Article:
Sophie Germain had taught herself calculus at a young age. The daughter of a wealthy family, she had become entranced by mathematics after reading a book about Archimedes in her father’s library. When her parents found out that she loved mathematics and was staying up late at night to work on it, they took away her candles, left her fire unlit, and confiscated her nightgowns. Sophie persisted. She wrapped herself in quilts and worked by the light of stolen candles. Eventually her family relented and gave her their blessing. Germain, like all women of her era, was not permitted to attend university, so she continued to teach herself, in some cases by obtaining lecture notes from the courses at the nearby École Polytechnique using the name Monsieur Antoine-August Le Blanc, a student who had left the school. Unaware of his departure, academy administrators continued to print lecture notes and problem sets for him. She submitted work under his name until one of the school’s teachers, the great Lagrange, noticed the remarkable improvement in Monsieur Le Blanc’s previously abysmal performance. Lagrange requested a meeting with Le Blanc and was delighted and astonished to discover her true identity.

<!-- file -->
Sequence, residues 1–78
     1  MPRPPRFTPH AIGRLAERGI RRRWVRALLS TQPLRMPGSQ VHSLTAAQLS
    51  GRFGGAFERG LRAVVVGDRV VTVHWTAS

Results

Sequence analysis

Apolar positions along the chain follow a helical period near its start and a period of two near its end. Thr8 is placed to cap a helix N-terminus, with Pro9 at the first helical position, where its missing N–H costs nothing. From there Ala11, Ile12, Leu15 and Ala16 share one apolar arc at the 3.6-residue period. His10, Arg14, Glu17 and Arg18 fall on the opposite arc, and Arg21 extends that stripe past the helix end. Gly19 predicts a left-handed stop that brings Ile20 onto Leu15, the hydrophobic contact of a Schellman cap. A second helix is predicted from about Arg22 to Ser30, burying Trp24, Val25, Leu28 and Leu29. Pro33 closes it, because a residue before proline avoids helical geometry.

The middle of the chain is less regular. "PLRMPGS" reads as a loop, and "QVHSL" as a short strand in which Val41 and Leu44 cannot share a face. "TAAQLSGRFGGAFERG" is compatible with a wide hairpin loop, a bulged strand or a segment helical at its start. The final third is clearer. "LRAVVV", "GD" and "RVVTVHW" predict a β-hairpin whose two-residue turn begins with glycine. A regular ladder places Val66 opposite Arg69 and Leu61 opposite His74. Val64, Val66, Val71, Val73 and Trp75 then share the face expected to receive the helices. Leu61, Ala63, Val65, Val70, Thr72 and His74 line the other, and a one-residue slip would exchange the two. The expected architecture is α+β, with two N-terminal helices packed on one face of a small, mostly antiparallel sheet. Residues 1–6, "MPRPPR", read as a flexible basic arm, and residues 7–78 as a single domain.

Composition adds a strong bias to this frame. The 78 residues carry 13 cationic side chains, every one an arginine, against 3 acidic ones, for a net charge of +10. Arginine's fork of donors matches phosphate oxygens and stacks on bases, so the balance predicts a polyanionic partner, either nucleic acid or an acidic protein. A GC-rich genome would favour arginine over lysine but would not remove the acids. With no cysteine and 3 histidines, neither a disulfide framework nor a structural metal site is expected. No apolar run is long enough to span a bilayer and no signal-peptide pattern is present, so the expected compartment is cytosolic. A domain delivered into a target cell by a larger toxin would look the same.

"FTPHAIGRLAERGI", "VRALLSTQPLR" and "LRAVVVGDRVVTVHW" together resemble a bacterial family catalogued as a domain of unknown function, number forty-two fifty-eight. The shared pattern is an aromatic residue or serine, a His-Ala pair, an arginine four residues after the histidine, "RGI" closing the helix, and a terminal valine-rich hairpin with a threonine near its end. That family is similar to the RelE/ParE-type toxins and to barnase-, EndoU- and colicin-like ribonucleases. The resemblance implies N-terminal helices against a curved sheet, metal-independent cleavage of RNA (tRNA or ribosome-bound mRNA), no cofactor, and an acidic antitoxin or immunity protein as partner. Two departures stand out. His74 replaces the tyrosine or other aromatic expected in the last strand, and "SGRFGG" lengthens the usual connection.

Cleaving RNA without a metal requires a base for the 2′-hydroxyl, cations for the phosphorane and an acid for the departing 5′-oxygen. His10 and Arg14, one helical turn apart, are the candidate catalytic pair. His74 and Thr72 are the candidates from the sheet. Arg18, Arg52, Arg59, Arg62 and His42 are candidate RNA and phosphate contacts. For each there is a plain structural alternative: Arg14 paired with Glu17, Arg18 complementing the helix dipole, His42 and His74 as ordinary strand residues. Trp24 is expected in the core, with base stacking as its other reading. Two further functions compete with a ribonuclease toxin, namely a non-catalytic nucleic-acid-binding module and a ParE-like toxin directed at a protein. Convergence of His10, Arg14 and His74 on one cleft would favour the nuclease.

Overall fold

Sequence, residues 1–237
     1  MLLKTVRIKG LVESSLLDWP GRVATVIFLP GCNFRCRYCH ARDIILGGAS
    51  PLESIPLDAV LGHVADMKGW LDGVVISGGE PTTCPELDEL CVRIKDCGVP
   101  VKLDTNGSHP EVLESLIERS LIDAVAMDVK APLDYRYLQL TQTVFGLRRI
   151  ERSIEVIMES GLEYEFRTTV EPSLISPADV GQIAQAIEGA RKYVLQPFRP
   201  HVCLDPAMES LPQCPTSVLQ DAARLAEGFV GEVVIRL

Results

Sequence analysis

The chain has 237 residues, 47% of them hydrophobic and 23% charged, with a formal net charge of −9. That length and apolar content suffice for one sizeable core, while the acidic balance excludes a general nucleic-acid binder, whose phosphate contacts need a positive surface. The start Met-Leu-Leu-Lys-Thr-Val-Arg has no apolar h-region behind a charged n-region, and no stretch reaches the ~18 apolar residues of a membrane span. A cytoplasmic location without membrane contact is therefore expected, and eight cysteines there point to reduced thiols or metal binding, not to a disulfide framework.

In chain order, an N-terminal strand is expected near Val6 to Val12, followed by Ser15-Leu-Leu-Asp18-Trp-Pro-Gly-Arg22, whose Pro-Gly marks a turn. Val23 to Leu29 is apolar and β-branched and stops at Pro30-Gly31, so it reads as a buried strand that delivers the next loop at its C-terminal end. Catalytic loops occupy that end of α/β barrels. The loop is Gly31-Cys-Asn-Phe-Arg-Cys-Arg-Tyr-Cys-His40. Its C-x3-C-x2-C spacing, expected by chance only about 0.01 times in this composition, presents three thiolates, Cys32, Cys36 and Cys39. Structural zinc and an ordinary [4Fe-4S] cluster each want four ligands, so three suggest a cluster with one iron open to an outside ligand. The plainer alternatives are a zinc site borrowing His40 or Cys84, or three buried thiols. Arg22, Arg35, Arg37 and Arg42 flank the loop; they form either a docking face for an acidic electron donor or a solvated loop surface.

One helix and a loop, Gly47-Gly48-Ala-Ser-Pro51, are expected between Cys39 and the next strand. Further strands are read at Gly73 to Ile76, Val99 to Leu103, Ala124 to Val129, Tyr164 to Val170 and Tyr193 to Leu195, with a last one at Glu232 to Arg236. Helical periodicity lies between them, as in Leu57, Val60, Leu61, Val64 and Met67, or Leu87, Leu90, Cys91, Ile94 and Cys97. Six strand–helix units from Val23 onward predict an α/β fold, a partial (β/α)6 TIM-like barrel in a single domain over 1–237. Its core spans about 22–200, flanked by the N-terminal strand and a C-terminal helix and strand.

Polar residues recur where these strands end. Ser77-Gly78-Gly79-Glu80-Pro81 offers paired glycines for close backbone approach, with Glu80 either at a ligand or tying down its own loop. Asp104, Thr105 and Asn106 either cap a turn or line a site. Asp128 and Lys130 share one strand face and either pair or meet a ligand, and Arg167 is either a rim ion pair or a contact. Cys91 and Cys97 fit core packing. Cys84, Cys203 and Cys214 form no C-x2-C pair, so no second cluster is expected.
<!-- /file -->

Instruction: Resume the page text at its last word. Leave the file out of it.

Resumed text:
Steven H. Strogatz (Infinite Powers: The Story of Calculus - The Language of the Universe)
Aramis = Peter Harratt (also Henri Lassot) Artus & Auguste = Henry and Alfred Newton Bishop = Abbé Robert Alesch (also René Martin) Bob = Raoul Le Boulicaut Carte = André Girard Célestin = Brian Stonehouse Christophe = Gilbert Turck Constantin = Jean de Vomécourt Fontcroise = Captain Henri Charles Giese Georges = Georges Bégué Gévolde = Serge Kapalski Gloria = Gabrielle Picabia Lucas = Pierre de Vomécourt (also Sylvain) Marie = Virginia Hall (also Germaine, Philomène, Nicolas, Diane, Diana, Marcelle, Brigitte, Isabelle, Camille, DFV, Artemis) Nicolas = Robert Boiteux (also known as Robert Burdett) Olive = Francis Basin Pépin = Dr Jean Rousset René = Victor Gerson (also Vic) Sophie = Odette Wilen Victoire = Mathilde Carré (or La Chatte)
Sonia Purnell (A Woman of No Importance: The Untold Story of the American Spy Who Helped Win World War II)